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Mitral regurgitation - chronic
Alternative namesChronic mitral valve regurgitation; Mitral valve insufficiency
DefinitionChronic mitral regurgitation is a progressive, long-term disorder in which the mitral valve, which separates the left upper chamber of the heart (atrium) from the left lower chamber (ventricle), does not close properly. This causes blood to leak (backflow or regurgitation) into the left atrium from the left ventricle during contraction of the heart (systole).
Causes, incidence, and risk factors
Mitral regurgitation is the most common type of heart valve insufficiency. Any disorder that weakens or damages this valve can prevent it from closuring properly, causing this type of leakage. Mitral regurgitation becomes chronic when the condition persists rather than occurring for only a short time period.
When the mitral valve fails to close properly, blood flows back to the left atrium from the left ventricle. The blood flow to the body (cardiac output) is decreased as a result, so the heart pumps harder to try to compensate.
Chronic mitral regurgitation affects approximately 6% of women and 3% of men, but after 55 years of age, some degree of mitral regurgitation is found in almost 20% of men and women who undergo echocardiograms. Congenital (present from birth) mitral regurgitation is rare if not part of a more complex heart defect or syndrome. Mitral valve prolapse , which involves weakening and ballooning out of the valve and affects about 5% of the population, is a relatively common cause of chronic mitral regurgitation.
Chronic mitral regurgitation can also be caused by disorders such as atherosclerosis , hypertension ( high blood pressure ), left ventricular enlargement, connective tissue disorders such as Marfan's syndrome , other congenital defects, endocarditis (infection of the heart valve), cardiac tumors, or untreated syphilis (rare). Acute mitral regurgitation may become chronic.
Additional symptoms that may be associated with this disease:
Note: Often no symptoms are present. When symptoms occur, they often develop gradually.
Signs and tests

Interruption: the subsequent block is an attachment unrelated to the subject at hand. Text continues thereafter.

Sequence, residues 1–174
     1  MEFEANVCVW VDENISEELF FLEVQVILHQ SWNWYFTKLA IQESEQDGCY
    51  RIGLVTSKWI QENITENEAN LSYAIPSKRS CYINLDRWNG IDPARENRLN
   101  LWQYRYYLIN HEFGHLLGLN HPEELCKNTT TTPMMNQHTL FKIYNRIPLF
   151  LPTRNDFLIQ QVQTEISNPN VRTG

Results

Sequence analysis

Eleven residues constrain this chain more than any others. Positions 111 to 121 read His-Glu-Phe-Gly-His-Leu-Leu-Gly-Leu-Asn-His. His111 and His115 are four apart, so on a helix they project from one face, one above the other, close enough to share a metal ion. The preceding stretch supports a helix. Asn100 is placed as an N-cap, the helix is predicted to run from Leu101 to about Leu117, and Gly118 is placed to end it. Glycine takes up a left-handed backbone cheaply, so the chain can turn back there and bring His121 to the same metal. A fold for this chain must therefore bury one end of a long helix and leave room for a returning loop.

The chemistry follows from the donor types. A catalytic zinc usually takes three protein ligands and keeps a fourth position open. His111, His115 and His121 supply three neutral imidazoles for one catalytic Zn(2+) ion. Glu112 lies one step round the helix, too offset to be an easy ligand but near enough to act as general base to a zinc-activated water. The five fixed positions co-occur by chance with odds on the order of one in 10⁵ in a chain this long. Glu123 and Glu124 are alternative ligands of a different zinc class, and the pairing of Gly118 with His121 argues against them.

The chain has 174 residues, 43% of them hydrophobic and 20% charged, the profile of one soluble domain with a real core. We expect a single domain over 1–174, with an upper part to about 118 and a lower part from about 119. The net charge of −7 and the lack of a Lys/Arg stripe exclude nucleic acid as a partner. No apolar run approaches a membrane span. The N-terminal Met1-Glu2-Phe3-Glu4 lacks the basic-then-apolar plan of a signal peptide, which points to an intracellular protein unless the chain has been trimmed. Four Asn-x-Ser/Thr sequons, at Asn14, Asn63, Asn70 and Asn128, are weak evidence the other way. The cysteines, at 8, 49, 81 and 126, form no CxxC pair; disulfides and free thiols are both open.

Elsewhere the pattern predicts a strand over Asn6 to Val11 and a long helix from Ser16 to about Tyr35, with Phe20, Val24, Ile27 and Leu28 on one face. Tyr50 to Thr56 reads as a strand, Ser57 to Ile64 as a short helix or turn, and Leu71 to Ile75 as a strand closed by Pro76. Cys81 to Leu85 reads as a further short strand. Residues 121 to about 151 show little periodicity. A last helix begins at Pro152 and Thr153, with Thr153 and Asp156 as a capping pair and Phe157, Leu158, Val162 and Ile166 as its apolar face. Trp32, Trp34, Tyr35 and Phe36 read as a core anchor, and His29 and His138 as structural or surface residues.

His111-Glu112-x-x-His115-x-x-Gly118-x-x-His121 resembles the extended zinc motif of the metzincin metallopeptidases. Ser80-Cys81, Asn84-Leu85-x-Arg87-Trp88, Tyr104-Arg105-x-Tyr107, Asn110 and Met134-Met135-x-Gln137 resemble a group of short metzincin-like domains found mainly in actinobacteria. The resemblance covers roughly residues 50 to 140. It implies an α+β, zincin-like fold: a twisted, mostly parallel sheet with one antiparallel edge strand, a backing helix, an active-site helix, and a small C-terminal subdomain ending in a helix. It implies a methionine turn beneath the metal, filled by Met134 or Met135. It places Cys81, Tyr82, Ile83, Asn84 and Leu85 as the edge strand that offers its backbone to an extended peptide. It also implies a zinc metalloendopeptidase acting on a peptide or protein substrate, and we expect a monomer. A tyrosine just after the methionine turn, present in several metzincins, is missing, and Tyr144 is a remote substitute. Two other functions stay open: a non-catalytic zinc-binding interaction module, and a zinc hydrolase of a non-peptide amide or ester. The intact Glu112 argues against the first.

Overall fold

Palpation may show thrill (vibration) over the heart. A stethoscope examination of the heart reveals a distinctive murmur. Rales (a crackly sound) or other abnormal breath sounds may be heard on lung examination. Ankle swelling, enlarged liver , distended neck veins, and other signs consistent with right-sided heart failure may be present.
Hospitalization may be required for diagnosis and treatment of severe symptoms. Surgical repair or replacement of the valve is recommended if heart function is poor, if symptoms are severe, or if the condition deteriorates. Once the diagnosis of mitral regurgitation is made, periodic follow-up by a specialist is needed to determine the appropriateness of surgery.
Expectations (prognosis)The outcome varies and depends on the underlying conditions. Usually the condition is benign , so no therapy or restriction is necessary. Symptoms can usually be controlled with medication. In severe cases, valve repair or valve replacement may be necessary.
Calling your health care providerCall your health care provider if symptoms suggest mitral regurgitation or if you have mitral regurgitation and your symptoms worsen or do not improve with treatment. Also call your health care provider if signs of infection occur during treatment: fever , chills, muscle aches, headache, malaise (general ill feeling).
Treat strep infections promptly to prevent rheumatic fever . Treat other causative disorders.
Update Date: 5/25/2002Seth Keller, M.D., Division of Cardiology, Yale New Haven Medical Center, New Haven, CT. Review provided by VeriMed Healthcare Network.
Last updated: Tue, 06 Jan 2009 00:20:03 GMT